Interview with Rachel Davies

By Emma May

Rachel Davies is a freshman at the University of Toronto. She is the founder of Pop Culture Puke, an online platform for young women to share their art. She is also the founder of A Piece of Work Zine Distro, edits a monthly newsletter on zines and popular culture, and founder of a mentor-matching program for young artists from suburban areas. Additionally, she is a regular contributor to publications such as Fixture Mag, The Le Sigh and Broken Pencil.

Introduction to zines

I came into zine making through knowing about Riot Grrrl. Initially, I thought that zines were for exclusively for teen girls. Shortly after, I started Pop Culture Puke and got submissions from the US, the UK and Canada.

When I went to my first zine fair as a tabler I realized that there weren’t a lot of young people making zines, and that most of the people there were adults. I didn’t realize that most zines weren’t made by young people, like the initial impression I got while learning about Riot Grrrl.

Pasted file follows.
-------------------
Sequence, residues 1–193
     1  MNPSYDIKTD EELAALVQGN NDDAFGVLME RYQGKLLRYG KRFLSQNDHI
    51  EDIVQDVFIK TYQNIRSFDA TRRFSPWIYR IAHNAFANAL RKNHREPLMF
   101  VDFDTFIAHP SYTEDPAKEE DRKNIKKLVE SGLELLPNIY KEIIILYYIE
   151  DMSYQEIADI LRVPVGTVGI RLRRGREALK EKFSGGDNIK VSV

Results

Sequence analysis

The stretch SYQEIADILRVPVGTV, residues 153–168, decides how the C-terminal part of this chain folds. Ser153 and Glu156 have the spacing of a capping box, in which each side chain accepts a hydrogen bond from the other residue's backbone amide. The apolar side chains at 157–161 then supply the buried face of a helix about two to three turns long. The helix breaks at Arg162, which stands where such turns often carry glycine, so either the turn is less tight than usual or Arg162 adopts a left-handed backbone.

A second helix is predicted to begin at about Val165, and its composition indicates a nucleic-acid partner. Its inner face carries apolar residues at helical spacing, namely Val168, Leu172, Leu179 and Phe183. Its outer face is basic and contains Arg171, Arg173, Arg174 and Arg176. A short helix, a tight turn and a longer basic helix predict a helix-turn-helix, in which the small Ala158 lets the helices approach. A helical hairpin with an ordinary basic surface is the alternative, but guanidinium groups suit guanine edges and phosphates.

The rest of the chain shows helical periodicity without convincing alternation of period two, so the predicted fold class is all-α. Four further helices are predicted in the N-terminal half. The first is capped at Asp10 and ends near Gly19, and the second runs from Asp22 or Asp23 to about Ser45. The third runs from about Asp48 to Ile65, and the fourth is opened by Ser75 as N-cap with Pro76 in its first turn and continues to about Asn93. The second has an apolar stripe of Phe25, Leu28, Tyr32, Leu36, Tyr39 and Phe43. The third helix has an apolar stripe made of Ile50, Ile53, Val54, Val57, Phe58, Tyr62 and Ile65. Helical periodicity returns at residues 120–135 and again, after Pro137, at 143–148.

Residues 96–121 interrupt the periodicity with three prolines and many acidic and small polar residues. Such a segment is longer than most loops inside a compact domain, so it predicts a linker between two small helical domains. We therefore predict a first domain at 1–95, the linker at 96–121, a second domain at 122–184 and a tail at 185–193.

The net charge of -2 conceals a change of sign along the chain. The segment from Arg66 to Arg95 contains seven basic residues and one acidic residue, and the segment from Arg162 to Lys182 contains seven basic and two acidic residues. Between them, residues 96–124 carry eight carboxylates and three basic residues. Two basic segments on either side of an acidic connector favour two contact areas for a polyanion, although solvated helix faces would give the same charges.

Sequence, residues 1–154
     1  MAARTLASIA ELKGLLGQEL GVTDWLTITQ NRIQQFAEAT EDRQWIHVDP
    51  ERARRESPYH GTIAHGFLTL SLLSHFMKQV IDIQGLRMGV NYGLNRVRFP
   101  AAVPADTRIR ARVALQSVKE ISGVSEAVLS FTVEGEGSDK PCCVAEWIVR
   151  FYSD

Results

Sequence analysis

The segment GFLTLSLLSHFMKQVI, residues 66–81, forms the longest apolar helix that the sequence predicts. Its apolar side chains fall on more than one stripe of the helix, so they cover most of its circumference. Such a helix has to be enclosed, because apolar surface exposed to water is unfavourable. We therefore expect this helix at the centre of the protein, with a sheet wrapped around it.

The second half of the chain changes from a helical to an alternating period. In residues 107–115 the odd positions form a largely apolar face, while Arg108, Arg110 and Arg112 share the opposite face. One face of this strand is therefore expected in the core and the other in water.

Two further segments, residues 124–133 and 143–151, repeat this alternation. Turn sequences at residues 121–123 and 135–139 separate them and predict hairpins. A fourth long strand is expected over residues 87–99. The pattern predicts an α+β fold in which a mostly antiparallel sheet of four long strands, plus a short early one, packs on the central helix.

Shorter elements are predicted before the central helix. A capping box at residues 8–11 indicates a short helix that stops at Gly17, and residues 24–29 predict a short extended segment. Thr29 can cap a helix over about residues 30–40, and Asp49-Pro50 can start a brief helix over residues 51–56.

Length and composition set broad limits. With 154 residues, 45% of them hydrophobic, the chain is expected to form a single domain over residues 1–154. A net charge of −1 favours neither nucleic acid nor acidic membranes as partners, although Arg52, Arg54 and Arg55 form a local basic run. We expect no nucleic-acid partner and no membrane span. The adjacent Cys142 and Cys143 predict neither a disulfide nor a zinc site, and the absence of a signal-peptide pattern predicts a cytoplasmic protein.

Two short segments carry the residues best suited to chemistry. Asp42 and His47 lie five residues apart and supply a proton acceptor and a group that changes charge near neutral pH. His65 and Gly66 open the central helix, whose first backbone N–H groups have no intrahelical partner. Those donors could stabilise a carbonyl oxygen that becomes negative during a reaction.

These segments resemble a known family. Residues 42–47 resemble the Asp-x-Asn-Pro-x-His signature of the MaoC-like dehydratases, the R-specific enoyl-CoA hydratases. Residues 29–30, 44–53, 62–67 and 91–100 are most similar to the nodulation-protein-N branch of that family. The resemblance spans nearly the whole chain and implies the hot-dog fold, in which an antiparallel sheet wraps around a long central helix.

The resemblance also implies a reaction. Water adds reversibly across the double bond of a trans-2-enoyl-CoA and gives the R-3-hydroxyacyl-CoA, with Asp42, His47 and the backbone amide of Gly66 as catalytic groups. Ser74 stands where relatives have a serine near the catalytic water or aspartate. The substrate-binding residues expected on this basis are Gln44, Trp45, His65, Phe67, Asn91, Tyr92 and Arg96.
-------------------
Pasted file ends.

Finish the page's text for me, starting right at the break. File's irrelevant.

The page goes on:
Importance of zines in the 21st century

Even though the Internet is a great place to share ideas, I believe that making a zine adds validity to ideas. When I was in high school, I didn’t know a lot of people that shared the same ideas with me. Nonetheless, I had all of these friends online. There was something that cemented our friendships and our ideas in creating a zine together. It’s something that we could bring to school and share, like “look, this is a real thing that I made! I have ideas and other people have these ideas too!”

I think zines are still important because it’s nice to see your work in something that people outside of your social circle and subculture are likely to stumble across. It’s also a more respected form of organizing and idea-sharing than the Internet at this point. You can leave a zine in a public place and someone not affiliated with zine culture can read it. Yet when you’re on Tumblr, within a tight-knit and virtual community, it’s harder to stumble upon new ideas. Communal zines are extremely important. I was able to connect and share ideas with so many people that I wouldn’t have otherwise had the chance to know. It’s a great way to unify people. It’s so much more open now than it has been in the past.

It’s not the Riot Grrrl era anymore. Zines aren’t intrinsically connected to punk. If you are in the suburbs and writing about historically downtrodden ideas, you’re doing something brave. It’s political. You can’t have progress in one kind but then stay still aesthetically. Why are people so mad about the de-popularization of cut-and-paste?